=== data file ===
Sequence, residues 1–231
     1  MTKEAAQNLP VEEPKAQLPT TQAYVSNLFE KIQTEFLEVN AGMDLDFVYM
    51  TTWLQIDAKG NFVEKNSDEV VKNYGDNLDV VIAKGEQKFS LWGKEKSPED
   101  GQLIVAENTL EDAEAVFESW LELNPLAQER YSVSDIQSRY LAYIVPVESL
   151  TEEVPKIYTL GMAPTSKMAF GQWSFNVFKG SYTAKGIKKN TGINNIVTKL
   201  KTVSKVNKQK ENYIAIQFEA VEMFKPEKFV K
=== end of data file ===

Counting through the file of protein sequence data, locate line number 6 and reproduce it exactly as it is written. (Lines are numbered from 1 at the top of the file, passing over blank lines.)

   201  KTVSKVNKQK ENYIAIQFEA VEMFKPEKFV K